Mush! Urban Iditarod Benefits Food Charity
By Dana Hatic
BU News Service
BOSTON — Six men ran down Lansdowne Street on Saturday morning, pushing a shopping cart and singing along to music blaring from a speaker. Each bared his arms and legs to the cool day, wearing only gladiator-like smocks made from old newspaper and just long enough to cover tighty-whities underneath.
They took off from Lansdowne Pub at 11:30 a.m. along with 101 other teams participating in the Boston Urban Iditarod 5k race to benefit the Boston Medical Center Food Pantry.
Tim Jones and Kevin Doran founded the Boston Urban Iditarod three years ago after seeing the success of similar events in other cities, including Chicago, San Francisco and Portland. The race occurs on the first Saturday of March each year—to coincide with Alaska’s Iditarod—and combines a run, costume contest, bar crawl, and food drive.
Jones, 33, said he and Doran wanted to bring the concept to Boston, but had to modify the format to suit the city.
“Most of the others don’t support charity,” he said. “We wanted to put on an event that had a little more than a typical scavenger hunt. If we were going to get this many people together, we wanted to give back to Boston. There needs to be a bigger mission behind it.”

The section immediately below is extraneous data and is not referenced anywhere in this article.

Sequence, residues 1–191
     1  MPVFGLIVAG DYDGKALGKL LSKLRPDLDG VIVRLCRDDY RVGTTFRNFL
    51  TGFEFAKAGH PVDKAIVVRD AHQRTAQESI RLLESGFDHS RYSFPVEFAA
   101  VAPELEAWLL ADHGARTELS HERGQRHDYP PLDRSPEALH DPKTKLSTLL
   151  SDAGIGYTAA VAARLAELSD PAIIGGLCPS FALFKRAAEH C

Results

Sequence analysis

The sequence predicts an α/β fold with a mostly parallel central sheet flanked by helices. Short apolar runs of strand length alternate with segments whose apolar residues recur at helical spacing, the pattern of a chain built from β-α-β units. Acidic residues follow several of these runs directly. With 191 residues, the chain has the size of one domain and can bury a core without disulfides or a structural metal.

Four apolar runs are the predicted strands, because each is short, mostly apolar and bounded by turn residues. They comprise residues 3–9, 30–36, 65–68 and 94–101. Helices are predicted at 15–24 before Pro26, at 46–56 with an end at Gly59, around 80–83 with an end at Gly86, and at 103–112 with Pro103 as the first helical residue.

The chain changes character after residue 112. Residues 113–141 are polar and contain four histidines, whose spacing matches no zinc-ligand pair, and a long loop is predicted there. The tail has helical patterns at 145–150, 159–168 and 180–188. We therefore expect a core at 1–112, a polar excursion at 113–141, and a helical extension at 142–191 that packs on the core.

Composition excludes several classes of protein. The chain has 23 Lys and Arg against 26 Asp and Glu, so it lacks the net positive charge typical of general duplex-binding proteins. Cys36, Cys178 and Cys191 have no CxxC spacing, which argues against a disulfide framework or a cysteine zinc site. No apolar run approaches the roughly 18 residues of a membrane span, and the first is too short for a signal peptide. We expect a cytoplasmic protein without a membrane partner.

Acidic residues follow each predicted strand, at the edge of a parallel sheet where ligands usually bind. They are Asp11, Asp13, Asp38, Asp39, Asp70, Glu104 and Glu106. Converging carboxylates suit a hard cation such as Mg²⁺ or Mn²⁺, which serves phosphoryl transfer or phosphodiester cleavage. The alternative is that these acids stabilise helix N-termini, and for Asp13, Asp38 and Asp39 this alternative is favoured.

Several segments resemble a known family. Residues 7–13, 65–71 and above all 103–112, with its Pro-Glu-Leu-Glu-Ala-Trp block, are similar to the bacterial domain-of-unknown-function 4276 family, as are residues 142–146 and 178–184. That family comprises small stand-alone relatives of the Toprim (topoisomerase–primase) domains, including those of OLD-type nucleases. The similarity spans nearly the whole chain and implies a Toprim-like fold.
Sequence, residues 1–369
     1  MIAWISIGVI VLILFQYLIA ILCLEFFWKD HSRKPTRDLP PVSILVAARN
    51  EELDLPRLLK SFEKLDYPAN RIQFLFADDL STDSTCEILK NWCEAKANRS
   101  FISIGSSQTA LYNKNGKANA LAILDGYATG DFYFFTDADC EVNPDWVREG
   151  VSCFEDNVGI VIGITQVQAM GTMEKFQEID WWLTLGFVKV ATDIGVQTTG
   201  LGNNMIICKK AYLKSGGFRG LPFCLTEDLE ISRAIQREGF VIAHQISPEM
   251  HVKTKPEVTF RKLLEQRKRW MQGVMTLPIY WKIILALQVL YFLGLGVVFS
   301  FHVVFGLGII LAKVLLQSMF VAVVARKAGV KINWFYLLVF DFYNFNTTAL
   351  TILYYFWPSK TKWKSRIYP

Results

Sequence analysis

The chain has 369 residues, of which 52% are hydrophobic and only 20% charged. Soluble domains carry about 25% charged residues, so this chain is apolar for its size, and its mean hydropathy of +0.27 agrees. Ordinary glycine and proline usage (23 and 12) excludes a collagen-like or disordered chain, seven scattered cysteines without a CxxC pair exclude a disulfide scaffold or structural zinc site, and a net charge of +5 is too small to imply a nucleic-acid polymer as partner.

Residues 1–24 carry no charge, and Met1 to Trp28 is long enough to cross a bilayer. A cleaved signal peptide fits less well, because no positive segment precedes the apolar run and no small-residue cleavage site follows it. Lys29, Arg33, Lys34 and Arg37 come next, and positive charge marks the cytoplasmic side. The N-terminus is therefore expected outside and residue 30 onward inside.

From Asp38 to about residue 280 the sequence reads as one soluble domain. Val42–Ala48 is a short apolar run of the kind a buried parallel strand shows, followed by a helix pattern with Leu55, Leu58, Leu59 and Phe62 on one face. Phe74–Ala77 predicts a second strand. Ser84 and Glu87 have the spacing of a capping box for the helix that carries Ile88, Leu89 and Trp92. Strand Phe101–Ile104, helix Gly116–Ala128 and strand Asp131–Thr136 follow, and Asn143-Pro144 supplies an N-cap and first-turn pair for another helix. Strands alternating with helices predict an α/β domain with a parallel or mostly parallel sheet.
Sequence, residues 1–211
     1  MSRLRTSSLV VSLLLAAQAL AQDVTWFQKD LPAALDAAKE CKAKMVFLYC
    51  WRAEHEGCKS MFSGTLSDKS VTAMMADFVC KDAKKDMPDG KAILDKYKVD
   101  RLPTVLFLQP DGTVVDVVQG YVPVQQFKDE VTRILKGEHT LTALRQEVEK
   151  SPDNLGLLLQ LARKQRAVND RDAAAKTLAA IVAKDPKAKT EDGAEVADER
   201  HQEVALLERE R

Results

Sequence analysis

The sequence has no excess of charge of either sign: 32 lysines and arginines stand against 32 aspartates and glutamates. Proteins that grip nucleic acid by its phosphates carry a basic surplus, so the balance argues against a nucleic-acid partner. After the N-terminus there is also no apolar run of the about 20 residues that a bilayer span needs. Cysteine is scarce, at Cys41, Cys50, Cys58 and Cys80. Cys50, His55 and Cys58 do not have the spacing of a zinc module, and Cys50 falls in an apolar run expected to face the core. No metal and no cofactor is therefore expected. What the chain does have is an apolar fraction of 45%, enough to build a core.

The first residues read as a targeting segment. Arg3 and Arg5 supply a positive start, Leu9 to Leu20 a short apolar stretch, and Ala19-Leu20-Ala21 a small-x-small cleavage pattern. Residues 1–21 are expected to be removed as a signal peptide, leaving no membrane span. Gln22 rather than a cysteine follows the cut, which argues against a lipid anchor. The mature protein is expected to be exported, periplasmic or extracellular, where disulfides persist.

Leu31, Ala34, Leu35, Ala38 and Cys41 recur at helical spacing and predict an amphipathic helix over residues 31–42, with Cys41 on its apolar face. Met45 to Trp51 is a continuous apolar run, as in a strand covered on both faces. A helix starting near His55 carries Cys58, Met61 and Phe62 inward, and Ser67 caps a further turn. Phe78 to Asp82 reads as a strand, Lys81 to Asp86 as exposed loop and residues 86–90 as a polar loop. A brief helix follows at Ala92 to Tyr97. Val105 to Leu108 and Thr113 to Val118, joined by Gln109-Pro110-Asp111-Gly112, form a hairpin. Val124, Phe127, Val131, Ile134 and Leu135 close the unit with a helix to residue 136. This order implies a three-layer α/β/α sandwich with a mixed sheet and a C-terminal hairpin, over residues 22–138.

Each team pays an entry fee and must donate canned foods for the pantry. As an incentive, Jones and Doran, 36, present a trophy to the team that donates the most cans. Jones said the 2012 Boston Iditarod raised about 4,000 pounds of food from a much smaller participant field. Saturday’s participants totaled over 600, and by the end of the day, volunteers had helped collect about 7,000 pounds of food, Doran said.
“We keep growing,” Jones said, and added that someday he hopes to be as big as Chicago’s race, which draws more than 800 people. “Give us a chance. We’ll beat them.”
The Boston race requires teams of four to six people to develop a theme for their “sled” (shopping cart) and costumes, and the teams are then tasked with racing to four bars, where there is a mandatory rest period of 20 minutes. This year the teams stopped at Whiskey’s, Jerry Remy’s, Kings, and An Tua Nua.
“We break the teams up,” said Jones. “From here they go four different directions and it ends up with people crossing at all points.”
At each location, teams competed in “Minute to Win It” style games, like “How’s it Hanging,” where a participant wears a belt with a banana dangling from string and must use the banana to push an orange into a hula hoop on the ground.
“There’s also pole dancing at An Tua Nua,” said Jones. “But it’s more like pole shenanigans,” he said, because costumes and klutzy movements interfere with any potentially skillful dancing.
The event founders joined in the costume festivity. Jones and Doran, clad in matching white and black tuxedos, dressed as Spy vs. Spy, the black and white cartoon from Mad magazine.
Jones said they also had about 40 volunteers spread across the race course.
“Most of them are actually dressing up,” he said. “They had such a good time volunteering they wanted to come back and do it again. It’s nice to have that consistency.”
The volunteers helped collect the food donations, oversaw bar activities and made sure teams properly lined up the shopping carts outside each bar on the sidewalks.